Tuesday, June 23, 2015

Klukshu Summer Fish Camp

From Palmer we finally reached the Yukon Territory the following morning after a night’s stay in Tok.  I had marked the seasonal village of Klukshu on the map, thinking it might be an interesting stop, we weren’t disappointed!  Klukshu is a traditional fish camp of the southern Tutchone of the Athabascan people.  Several camps were in the area during earlier times but Klukshu is the only camp still in use today.  Each summer, families from Champagne and Haines Junction come to Klukshu to catch and dry salmon from the Klukshu River.  

Summer Cabins, Klukshu
From what we saw, the cabins seem to be well cared for at the site.  In the early days people traveled with tents, setting them up during the salmon run.  Long before the white man reached the interior, the Southern Tutchone were trading tanned skins and furs with coastal Tlingit’s for oil, herring eggs, shells, baskets, and woven blankets.  

Summer Cabins, Klukshu
Later the Tlingit’s brought kettles, knives, axes, and muzzle-loading guns from Russian and American trading ships.  Jack Dalton was the first white trader to establish a post in the area; he followed a traditional Tlingit trading trail into the Yukon and set up a trading post at “Dalton Post” near the Tutchone trading center.  Native men hunted caribou near Dalton Post while women and children collected berries before moving in late July to the fish camps like Klukshu.  Each fishing place had a cache or two where dried meat and fish were stored for the winter.  
Cache and Drying Rack
Today the Southern Tutchone still use the traditional methods of cutting and drying salmon.  After the salmon are caught in fish traps or gaffed along the riverbank, the fish are fastened to a string and left in the water until they are cut.  Since the flesh of the fish hardens when left in the water, they are easier to cut.  The fish are boned and sliced horizontally, leaving the skin intact.  They are then hung over drying racks, flesh side out, for a day or two.  A second horizontal cut is then made so the fish is one large flat sheet and is hung again.  The fish racks are protected from sun and rain by a pole roof covered by metal or a tarp, brush was used in earlier times.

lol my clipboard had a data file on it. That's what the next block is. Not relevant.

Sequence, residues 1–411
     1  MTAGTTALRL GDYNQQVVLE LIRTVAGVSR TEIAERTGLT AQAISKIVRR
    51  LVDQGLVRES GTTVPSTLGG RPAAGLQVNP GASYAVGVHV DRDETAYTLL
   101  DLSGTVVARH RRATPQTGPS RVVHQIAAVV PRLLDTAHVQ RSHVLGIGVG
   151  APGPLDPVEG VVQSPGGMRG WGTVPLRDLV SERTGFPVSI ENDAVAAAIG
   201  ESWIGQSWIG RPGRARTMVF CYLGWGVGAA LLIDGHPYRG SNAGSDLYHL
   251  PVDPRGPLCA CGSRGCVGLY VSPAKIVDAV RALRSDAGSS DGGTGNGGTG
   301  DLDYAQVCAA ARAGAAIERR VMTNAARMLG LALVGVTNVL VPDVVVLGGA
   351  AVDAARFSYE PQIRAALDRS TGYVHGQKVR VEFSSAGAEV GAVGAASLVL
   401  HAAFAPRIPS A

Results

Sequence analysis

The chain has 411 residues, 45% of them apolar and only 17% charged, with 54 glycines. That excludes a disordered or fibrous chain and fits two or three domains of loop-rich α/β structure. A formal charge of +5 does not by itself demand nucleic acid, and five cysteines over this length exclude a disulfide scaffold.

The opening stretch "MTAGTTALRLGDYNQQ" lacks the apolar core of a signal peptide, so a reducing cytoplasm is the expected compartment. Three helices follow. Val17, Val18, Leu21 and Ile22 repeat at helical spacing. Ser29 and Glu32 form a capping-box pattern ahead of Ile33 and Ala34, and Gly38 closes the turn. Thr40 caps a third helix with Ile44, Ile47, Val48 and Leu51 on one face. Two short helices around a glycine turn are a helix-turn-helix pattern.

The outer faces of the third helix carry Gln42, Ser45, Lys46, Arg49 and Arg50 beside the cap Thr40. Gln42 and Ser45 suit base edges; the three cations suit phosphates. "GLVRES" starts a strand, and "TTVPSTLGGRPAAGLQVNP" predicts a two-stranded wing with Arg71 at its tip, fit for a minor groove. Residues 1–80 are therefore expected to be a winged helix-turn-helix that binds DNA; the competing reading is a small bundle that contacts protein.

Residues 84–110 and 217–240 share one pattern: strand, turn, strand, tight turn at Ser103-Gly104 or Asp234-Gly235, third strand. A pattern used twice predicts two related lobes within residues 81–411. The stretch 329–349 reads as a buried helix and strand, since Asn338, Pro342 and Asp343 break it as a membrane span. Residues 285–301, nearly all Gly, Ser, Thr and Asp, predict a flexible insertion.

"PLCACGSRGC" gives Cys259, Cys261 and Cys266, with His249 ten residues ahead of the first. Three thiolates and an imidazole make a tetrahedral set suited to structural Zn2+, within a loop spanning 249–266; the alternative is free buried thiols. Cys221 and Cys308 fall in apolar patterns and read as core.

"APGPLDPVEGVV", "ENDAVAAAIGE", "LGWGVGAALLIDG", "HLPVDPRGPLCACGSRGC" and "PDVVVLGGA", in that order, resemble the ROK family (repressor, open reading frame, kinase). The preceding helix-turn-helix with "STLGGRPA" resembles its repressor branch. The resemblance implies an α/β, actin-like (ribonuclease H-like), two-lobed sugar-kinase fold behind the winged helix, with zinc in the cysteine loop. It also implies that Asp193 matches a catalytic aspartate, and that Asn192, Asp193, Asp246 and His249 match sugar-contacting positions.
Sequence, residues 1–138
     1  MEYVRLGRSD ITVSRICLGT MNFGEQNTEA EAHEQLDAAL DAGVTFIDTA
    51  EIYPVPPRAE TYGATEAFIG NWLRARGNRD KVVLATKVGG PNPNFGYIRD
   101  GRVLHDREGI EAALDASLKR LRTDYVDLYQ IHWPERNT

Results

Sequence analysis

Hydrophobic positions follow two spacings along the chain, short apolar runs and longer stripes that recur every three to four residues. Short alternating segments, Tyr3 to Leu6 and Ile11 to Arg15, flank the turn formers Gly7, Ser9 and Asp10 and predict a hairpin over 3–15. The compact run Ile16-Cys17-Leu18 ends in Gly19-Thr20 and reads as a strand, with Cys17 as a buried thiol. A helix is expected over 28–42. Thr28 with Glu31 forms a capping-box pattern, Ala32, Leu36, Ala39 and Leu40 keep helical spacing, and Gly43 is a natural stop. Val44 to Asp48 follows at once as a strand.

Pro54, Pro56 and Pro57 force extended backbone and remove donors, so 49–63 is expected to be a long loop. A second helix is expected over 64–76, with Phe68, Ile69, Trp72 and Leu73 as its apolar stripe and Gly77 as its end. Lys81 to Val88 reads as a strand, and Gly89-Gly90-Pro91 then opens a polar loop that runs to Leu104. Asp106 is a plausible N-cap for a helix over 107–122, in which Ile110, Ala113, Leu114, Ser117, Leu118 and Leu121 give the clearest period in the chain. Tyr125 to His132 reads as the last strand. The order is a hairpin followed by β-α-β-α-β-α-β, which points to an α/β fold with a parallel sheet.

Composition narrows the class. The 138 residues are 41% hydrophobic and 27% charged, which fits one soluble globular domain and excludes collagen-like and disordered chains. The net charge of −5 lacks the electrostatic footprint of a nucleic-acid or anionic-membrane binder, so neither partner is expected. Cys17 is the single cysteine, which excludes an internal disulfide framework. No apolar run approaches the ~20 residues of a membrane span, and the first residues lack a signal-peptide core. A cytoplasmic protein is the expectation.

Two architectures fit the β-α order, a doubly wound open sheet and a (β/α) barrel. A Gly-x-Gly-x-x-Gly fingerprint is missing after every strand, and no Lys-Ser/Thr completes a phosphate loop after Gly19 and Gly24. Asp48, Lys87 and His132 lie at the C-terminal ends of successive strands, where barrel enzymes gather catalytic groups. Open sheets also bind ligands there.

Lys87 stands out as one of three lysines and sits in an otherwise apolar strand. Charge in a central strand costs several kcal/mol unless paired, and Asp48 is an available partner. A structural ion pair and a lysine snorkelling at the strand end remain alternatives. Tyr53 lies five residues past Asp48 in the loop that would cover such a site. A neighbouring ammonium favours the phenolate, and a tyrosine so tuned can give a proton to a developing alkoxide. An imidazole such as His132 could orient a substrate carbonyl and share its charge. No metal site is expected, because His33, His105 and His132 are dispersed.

Drying Rack, Klukshu
A small wood fire is kept burning under the salmon for about 10 days.  Drying racks are still used at Klukshu and we would have loved to witness the process.  Unfortunately we were early in the year so the camp was devoid of people, an eerie peaceful feeling hung over the village.  When the salmon are ready to be stored, they are folded back into their original shape (skin out) and tied into bundles of 50 with heads in the same direction.  
Regional Map, note Klukshu Lake/River area
The bales are stored in raised wooden caches.  According to the reader-boards, Elders remember making several trips along the trail between Klukshu and Dezadeash (a nearby lake), carrying the heavy bales to caches at the end of the season.  Wooden fish traps are also still used at Klukshu.  
Klukshu River
The trap or box is open on the upstream end, fish enter the box and once inside, sharp sticks prevent them from swimming out; to keep the fish from jumping out, traps are placed in shallow water.  Salmon are pulled out of the traps by the tail and killed with a quick blow to the head.  It was customary for the Tutchone to let some of the salmon continue by to spawn, providing fish for future years.  
Archival Photo - Fish Traps
In the early days the traps were made of spruce saplings lashed together with willow roots.  Today they are made of wooden cribbing with chicken wire.  
Archival Photo - Cabins and Cache at Klukshu
Salmon runs used to be plentiful but have been much smaller in recent years so the Government Fisheries and First Nations Council meet each spring to determine when and how many days salmon can be caught.

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